Salisbury Township inflicts real damage to a treasured Lehigh Valley restaurant | Turkeys & Trophies


Restaurants struggling to recover from the financial blow dealt by COVID-19 certainly don’t need the kind of local government ineptitude that forced Bolete to pivot on its service plans this month. The restaurant, a James Beard Award nominee and one of the Lehigh Valley’s most-treasured fine dining establishments, closed its ingenious “shed village” in response to an order by the Salisbury Township Planning and Zoning Department. Zoning officer Kerry Rabold told the restaurant the sheds, which allowed diners to more safely enjoy outdoor service through inclement weather, were no longer allowed because the state had lifted its emergency declaration for COVID-19. But Rabold got the date wrong. It turns out Bolete actually had until Aug. 9 to remove the sheds. The officer later acknowledged the mistake, but it was too late. Bolete had already cancelled all reservations for the final two weeks of July and switched to curbside-only service. The township’s mistake proved even more painful to Bolete because the restaurant all along planned to close for August in part to prepare for indoor dining. Instead, it’ll lose out on income in the stretch leading up to the planned closing. Rabold is at least publicly accepting responsibility for the mistake, but this never should have happened. When you’re going to inform a business of something this consequential, you need to get it right the first time.


It’s easy to take for granted that the Lehigh Valley ranks up there with the best in Pennsylvania in terms of quality health care. Thanks to our two health networks – Lehigh Valley Health Network and St. Luke’s University Health Network – almost all local residents are within a short drive to a capable emergency room and specialized care that’s usually found only in big cities. Both health networks this week received well-deserved praise in the annual hospital rankings compiled by U.S. News & World Report. Lehigh Valley Hospital-Cedar Crest in Salisbury Township ranked fifth amongst Pennsylvania hospitals on the 2021-22 list, while St. Luke’s University Hospital in Fountain Hill clocked in at nine. Congratulations to both and keep up the great (and critical) work of taking care of us.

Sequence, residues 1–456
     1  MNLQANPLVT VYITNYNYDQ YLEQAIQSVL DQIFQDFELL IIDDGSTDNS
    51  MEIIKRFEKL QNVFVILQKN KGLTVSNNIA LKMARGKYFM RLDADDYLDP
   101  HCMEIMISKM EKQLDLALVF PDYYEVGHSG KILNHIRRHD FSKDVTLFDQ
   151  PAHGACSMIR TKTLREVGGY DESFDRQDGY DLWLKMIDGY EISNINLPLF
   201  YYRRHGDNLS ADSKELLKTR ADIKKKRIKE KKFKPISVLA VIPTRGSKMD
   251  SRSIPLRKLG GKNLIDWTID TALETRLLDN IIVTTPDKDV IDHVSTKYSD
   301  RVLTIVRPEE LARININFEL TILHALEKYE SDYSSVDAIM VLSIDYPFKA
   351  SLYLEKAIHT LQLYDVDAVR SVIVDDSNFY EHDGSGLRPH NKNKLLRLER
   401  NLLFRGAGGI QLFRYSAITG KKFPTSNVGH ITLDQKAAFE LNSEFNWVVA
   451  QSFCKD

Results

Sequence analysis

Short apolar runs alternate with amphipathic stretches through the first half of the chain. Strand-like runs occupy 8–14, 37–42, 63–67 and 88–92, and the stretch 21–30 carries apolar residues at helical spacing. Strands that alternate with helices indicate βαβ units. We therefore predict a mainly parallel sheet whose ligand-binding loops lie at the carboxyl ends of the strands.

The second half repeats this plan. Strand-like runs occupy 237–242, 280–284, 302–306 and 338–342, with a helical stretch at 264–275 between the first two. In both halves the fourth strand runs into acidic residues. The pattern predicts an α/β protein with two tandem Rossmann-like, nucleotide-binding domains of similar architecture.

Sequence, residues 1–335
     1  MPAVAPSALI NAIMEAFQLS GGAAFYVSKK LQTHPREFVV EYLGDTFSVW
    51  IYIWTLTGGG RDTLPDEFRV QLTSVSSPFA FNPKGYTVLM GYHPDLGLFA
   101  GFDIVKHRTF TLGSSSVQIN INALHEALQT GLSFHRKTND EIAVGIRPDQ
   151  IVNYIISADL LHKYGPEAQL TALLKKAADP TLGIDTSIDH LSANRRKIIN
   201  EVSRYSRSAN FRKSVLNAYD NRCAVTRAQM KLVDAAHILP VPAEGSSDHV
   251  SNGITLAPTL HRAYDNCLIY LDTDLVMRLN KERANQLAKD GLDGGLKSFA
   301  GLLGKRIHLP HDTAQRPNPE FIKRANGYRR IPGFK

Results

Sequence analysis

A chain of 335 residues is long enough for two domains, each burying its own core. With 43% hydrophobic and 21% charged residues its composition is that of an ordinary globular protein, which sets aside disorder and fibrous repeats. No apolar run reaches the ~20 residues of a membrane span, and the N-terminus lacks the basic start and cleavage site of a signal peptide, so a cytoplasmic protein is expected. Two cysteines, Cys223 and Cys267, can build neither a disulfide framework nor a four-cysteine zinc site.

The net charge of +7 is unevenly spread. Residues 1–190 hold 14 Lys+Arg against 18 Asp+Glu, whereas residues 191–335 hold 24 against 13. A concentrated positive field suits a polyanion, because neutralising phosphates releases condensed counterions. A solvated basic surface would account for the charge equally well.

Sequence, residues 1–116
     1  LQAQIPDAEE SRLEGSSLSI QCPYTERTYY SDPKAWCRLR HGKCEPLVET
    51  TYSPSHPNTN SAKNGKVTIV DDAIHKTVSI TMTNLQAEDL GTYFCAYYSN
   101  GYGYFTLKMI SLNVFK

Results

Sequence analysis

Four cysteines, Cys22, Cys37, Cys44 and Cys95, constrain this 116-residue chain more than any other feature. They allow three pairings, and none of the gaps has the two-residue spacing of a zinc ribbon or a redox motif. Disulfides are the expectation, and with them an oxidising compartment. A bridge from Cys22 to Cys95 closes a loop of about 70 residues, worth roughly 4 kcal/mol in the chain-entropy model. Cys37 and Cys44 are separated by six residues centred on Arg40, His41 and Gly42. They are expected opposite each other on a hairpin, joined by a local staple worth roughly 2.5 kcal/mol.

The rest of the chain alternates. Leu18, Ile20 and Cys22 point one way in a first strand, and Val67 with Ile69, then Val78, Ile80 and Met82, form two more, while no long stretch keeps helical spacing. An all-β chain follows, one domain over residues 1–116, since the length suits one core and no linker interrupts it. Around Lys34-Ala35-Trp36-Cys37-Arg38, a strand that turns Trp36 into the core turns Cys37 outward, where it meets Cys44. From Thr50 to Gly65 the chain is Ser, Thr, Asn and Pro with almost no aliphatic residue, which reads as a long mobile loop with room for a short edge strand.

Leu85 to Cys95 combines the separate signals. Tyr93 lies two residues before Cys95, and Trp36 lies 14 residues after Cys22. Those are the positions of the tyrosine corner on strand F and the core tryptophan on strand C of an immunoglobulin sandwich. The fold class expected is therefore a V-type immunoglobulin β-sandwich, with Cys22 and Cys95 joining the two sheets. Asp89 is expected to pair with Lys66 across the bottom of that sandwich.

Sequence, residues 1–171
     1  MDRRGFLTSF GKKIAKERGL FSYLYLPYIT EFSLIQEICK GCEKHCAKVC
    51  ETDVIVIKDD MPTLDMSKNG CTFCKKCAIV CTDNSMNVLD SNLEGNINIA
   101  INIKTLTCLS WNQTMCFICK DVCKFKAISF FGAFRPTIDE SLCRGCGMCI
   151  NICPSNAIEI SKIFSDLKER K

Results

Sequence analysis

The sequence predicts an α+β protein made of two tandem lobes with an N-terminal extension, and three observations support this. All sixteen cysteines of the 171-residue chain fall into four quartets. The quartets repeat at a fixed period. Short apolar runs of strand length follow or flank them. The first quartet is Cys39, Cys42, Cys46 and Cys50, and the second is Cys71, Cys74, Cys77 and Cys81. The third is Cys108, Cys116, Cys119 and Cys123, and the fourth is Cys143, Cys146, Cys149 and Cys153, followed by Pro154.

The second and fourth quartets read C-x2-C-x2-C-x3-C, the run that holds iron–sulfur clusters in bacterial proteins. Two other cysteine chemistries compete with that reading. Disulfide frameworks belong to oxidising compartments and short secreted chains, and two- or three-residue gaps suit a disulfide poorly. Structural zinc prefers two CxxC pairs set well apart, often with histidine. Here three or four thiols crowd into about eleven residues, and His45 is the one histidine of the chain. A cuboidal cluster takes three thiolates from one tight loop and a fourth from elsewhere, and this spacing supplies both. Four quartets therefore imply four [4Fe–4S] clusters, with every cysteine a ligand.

Funding for animal shelters tends to be one of the last issues lawmakers consider and one of the first issues to get shelved in the budget process. That leaves essential organizations like The Center for Animal Health and Welfare largely fending for themselves when it comes to paying the bills and promoting services. Creative approaches are sometimes necessary, and few in recent memory have been more creative than the Williams Township-based center’s Project Paw. The community outreach center with a thrift shop and café will be opening soon at 452 Northampton St. in Easton. Among the features will be six cats up for adoption for patrons to curl up with while sipping a hot beverage. It sounds like the perfect coffee break for animal lovers.

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